Kanban originates in Lean Manufacturing at Toyota, as a way to reduce waste and manage flow. So what does this have to do with me or software development?

I have been using Kanban to visualize workflow and coordinate team work at the office for more than 3 years now, and it has become my favorite agile and lean software development practice. So much so, that I cannot imagine leading a project or developing a feature without one. The main reasons I love Kanban is that it fosters communication, empowers team members and encourages evolutionary change and continuous improvement.

By merely visualizing the day to day workflow (not what you would like your workflow to be, but what you are currently doing), the team starts having timely and targeted discussions about what is needed to complete high priority work. Communication increases and an always elusive shared vision starts to emerge.

Another practice of the Kanban method is limiting work in progress. WIP limits allow the team to focus on just the top priority work and nudges the team towards pairing and swarming, thus increasing collaboration and cross-pollination.

There are 4 other practices that are part of the Kanban method, including managing flow and making transition policies explicit. I will write more about them soon, but for now you can go to the Wikipedia article for more information.

Personal Kanban

I have a very fulfilling full-time job, 2 very active toddlers and no family around to help take care of them. So about 2 years ago, I started using personal Kanban to try to put some order into my life outside of the office. You can think of it as a to-do list on steroids. It forces you to constantly prioritize and identify which task is more important for you to work on next, allowing you to focus on one thing at a time, and it ensures you are committed to finishing it before you take on a new task. Yes, you should try it too!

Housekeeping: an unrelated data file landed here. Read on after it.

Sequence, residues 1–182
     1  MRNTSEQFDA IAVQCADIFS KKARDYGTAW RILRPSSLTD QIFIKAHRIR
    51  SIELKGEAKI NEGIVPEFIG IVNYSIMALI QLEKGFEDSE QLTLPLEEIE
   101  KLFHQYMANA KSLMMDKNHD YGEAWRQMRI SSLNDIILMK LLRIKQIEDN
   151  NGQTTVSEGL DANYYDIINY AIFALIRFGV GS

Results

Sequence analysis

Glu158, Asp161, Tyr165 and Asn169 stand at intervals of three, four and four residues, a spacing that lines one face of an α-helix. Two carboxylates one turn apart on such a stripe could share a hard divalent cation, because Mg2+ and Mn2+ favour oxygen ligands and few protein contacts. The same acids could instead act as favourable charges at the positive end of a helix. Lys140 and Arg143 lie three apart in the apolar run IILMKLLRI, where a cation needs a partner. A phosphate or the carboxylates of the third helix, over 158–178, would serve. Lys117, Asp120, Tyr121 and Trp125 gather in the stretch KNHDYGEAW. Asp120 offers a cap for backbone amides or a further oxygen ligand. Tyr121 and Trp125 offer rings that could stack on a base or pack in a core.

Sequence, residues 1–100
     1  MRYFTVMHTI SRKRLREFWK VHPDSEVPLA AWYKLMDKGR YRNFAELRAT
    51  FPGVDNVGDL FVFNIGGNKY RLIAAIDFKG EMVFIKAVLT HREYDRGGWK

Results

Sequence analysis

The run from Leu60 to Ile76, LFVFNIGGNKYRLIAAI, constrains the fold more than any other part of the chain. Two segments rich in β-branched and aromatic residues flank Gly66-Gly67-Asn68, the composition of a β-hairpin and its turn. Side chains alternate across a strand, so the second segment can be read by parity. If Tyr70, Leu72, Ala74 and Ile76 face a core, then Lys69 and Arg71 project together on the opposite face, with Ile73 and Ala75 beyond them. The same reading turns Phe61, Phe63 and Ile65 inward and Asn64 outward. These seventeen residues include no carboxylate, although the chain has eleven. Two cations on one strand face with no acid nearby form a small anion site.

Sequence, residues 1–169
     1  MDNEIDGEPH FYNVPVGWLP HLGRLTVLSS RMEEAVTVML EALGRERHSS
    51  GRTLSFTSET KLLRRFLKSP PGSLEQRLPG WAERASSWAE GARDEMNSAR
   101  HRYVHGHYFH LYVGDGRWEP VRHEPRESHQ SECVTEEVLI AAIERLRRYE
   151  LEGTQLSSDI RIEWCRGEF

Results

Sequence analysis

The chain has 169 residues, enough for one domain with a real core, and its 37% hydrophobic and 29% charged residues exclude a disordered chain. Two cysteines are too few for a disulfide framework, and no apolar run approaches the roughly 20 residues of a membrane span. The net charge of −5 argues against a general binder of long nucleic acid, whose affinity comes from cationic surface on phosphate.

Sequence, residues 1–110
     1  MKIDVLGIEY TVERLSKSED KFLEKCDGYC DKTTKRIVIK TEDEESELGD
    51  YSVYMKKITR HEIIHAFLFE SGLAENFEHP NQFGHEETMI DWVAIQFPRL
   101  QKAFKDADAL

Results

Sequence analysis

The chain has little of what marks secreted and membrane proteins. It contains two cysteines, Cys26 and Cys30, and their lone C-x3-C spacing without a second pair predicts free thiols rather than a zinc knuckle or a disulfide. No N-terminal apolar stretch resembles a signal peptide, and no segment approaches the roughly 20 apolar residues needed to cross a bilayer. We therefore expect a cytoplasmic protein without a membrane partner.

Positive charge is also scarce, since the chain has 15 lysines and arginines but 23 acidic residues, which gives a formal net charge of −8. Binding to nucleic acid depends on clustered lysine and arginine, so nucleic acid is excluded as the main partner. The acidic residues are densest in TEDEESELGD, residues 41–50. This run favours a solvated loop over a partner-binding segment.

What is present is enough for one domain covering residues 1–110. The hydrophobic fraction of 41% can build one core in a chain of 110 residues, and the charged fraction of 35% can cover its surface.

Getting started

If this is something you are interested in bringing to your work or life, below are some resources that should help you get started:

“Kanban is based on a very simple idea. Work-in-progress should be limited and something new should be started only when an existing piece of work is delivered or pulled by a downstream function. The kanban (or signal card) implies that a visual signal is produced to indicate that new work can be pulled because current work does not equal the agreed limit.”– David Anderson

Kanban vs Scrum

29. February 2012 by ariadna
Categories: Agile, Kanban | 1 comment